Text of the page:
Is it Anxiety?

Anxiety in women over 60 can manifest in various ways. Some of the symptoms are consistent with anxiety in other age groups, but some of them are especially important to look out for as a woman over 60.

Excessive Worrying

Persistent and excessive worry about everyday situations, such as health, finances, or family can lead to anxiety.

Physical Symptoms

Anxiety can cause physical symptoms such as headaches and an upset stomach. Anxiety can also escalate into panic attacks which may result in chest pain and what feels like heart palpitations.

Sleep Disturbances

Difficulty falling asleep, staying asleep, or waking up too early are common symptoms of anxiety in women over 60.

Social Withdrawal

Anxiety can cause social isolation. Older women who experience anxiety may be especially prone to this and are likely to avoid social situations due to fear of embarrassment or being judged.

In addition to these symptoms of anxiety, older women may also experience weakness and nausea.

Note that several of the symptoms of anxiety are the same as symptoms of coronary distress. As important as it is to recognize anxiety when it strikes, it’s as or more important to not disregard potential symptoms of a cardiac event or stroke.

Err on the side of caution if you experience chest pains, nausea, shortness of breath or other symptoms of a heart attack. Call 911 (US & Canada), 112 (EU), 999 (UK), 000 (Australia), or the number specific for your country of residence!

Treatment Options for Anxiety in Women over 60

Though anxiety is not uncommon at any age, treatment approaches are by no means one size fits all. Thankfully, there are promising approaches and strategies that can help diminish the impact of anxiety in women over 60.

Although some treatment approaches are like those for other age groups, there are a few important provisos to keep in mind.

Consider Underlying Health Conditions

Healthcare providers must take extra care to consider any underlying health conditions. They must also be alert to potential drug interactions with existing medications.

Staying Socially Connected

Establishing and maintaining social connections, participating in community activities, and seeking support from friends, family, or support groups can diminish feelings of isolation and improve overall well-being. This strategy can be especially key to overcoming anxiety for women over 60.


Cognitive-behavioral therapy (CBT) is a proven effective therapy for anxiety in older adults. It can help us to change negative thought patterns and beliefs. Impacting our mindset can yield multiple benefits beyond easing anxiety.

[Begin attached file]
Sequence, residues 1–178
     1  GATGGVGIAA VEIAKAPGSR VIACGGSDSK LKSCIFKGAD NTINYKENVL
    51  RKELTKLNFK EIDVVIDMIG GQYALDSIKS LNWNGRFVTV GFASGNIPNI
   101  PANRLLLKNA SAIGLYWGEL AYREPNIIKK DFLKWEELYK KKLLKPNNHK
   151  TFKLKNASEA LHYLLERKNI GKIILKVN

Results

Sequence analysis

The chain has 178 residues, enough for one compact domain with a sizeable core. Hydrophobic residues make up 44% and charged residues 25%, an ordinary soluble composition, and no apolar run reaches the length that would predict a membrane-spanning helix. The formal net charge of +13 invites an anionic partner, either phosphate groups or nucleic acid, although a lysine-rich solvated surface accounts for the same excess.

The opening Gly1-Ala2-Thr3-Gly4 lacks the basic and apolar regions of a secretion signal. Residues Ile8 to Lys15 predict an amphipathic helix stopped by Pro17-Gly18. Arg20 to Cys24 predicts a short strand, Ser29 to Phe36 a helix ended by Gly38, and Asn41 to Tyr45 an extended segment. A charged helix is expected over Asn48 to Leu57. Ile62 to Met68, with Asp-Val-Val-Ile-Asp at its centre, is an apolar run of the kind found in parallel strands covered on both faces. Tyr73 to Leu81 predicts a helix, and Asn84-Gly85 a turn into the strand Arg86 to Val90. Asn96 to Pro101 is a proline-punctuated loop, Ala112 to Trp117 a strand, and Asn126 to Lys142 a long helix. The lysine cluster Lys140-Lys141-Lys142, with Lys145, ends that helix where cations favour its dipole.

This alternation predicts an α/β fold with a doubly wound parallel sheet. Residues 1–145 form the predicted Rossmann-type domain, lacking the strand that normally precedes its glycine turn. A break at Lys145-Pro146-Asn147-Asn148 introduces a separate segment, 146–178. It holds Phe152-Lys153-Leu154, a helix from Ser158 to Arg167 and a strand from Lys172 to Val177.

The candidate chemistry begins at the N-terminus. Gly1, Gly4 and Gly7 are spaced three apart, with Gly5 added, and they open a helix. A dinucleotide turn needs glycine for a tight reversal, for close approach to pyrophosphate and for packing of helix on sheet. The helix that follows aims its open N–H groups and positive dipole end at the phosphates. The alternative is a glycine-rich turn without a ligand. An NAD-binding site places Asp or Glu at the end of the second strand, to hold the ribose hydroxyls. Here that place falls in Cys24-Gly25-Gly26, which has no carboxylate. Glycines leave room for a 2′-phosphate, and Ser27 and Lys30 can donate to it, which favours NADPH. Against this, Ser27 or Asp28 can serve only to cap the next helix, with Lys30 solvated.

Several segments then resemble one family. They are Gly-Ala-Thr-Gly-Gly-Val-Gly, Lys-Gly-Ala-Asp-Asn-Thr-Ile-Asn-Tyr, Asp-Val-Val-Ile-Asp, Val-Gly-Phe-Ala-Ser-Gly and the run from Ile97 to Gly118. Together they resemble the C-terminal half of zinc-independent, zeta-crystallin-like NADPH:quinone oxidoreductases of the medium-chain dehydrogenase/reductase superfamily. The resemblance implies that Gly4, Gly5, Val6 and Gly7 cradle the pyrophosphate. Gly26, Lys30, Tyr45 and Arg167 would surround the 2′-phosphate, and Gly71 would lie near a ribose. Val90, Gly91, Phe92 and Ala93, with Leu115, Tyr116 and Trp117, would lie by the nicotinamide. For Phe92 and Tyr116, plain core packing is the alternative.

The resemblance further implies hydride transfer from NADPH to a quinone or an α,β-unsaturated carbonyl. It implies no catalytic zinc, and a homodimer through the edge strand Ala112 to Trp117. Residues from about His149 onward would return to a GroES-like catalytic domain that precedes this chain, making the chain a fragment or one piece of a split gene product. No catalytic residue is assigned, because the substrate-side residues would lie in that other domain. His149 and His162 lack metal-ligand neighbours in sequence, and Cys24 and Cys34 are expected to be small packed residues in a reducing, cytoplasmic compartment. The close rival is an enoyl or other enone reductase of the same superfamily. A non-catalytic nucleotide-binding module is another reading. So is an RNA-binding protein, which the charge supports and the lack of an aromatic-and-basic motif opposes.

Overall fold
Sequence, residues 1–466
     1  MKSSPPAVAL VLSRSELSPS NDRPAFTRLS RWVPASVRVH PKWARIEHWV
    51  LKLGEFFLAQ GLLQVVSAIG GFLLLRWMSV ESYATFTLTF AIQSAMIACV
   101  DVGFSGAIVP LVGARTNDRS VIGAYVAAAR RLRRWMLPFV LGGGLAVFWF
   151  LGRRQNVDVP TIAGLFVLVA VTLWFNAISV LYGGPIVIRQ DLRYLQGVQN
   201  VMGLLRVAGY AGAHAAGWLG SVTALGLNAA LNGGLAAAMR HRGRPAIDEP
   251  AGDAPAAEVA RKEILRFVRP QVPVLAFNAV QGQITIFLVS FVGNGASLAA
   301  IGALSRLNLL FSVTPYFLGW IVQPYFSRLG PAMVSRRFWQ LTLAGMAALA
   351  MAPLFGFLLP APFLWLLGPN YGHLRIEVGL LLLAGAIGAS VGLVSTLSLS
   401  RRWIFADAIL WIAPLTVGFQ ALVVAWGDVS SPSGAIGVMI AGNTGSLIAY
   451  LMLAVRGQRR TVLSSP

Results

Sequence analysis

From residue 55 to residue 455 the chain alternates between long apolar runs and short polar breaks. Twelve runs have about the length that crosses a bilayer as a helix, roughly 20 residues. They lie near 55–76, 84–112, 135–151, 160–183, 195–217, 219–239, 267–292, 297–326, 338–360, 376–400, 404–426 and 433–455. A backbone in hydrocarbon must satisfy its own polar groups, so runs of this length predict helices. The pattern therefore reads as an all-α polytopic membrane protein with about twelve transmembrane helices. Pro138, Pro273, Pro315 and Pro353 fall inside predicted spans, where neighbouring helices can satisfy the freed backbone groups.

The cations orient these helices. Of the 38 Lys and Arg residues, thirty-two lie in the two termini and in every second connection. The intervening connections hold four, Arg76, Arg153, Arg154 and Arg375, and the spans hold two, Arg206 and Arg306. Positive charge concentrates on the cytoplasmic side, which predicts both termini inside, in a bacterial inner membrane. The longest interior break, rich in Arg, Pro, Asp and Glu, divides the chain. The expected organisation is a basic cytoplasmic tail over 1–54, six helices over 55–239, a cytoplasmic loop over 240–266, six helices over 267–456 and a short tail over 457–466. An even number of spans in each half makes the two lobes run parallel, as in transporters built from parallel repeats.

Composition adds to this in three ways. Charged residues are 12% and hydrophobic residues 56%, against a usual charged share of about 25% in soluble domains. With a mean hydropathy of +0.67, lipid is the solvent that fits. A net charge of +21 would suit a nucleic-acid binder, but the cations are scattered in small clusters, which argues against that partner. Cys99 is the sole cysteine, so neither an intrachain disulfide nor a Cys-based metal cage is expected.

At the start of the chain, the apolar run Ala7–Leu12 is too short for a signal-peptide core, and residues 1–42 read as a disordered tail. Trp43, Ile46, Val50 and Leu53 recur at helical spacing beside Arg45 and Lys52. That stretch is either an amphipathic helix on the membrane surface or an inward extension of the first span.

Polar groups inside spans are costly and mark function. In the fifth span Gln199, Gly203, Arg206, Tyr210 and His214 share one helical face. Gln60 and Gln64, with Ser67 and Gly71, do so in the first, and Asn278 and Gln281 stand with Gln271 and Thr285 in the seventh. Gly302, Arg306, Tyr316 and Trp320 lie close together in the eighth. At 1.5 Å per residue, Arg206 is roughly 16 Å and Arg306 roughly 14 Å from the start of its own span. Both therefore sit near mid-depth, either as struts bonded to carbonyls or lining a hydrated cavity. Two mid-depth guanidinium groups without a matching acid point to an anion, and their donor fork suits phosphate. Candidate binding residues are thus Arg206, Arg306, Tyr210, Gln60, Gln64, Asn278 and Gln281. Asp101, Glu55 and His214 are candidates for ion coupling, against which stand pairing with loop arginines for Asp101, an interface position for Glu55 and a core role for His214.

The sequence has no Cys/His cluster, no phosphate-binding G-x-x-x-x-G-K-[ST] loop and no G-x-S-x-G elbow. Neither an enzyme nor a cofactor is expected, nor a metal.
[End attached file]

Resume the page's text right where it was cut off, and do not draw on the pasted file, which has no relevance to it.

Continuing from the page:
Anti-anxiety medication, such as benzodiazepines and selective serotonin reuptake inhibitors (SSRIs), can help reduce anxiety symptoms. But extra care should be taken when prescribing medications in women over 60.

Lifestyle Changes

As with people of any age, exercise, a healthy diet, and mindfulness practices such as yoga and meditation can help reduce anxiety symptoms. As a woman over 60, be sure to talk with your doctor before undertaking a fitness program, and pace yourself appropriately.

Overcoming Anxiety

Anxiety in women over 60 is a common mental health condition that significantly impacts quality of life. As women age, health issues, life transitions, financial concerns and hormonal changes can cause excessive worry and fear. But with proper diagnosis and treatment, anxiety in women over 60 can be managed effectively – and we owe it to ourselves to make sure that happens for each of us!

If you or someone you know is experiencing anxiety symptoms, follow the advice above and speak to a healthcare provider or mental health professional to get professional help.

Remember, seeking help is a sign of strength, and treatment can lead to a fulfilling and anxiety-free life.

Let’s Have a Conversation:

Did you learn new information about what anxiety looks and feels like in women over 60? Do you know anyone who may benefit from this article? Will you share it with them, too? How about you, personally? Have you struggled with anxiety or are you going through a difficult time now? Please share your thoughts and questions in the comments so we can all provide support to one another!

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Deb Wisdom

very useful article. thank you so much. Clear and concise and highlights lots of issues. Reassuring to know that this is very common and there are lots of ways of combating and overcoming anxiety as we get older.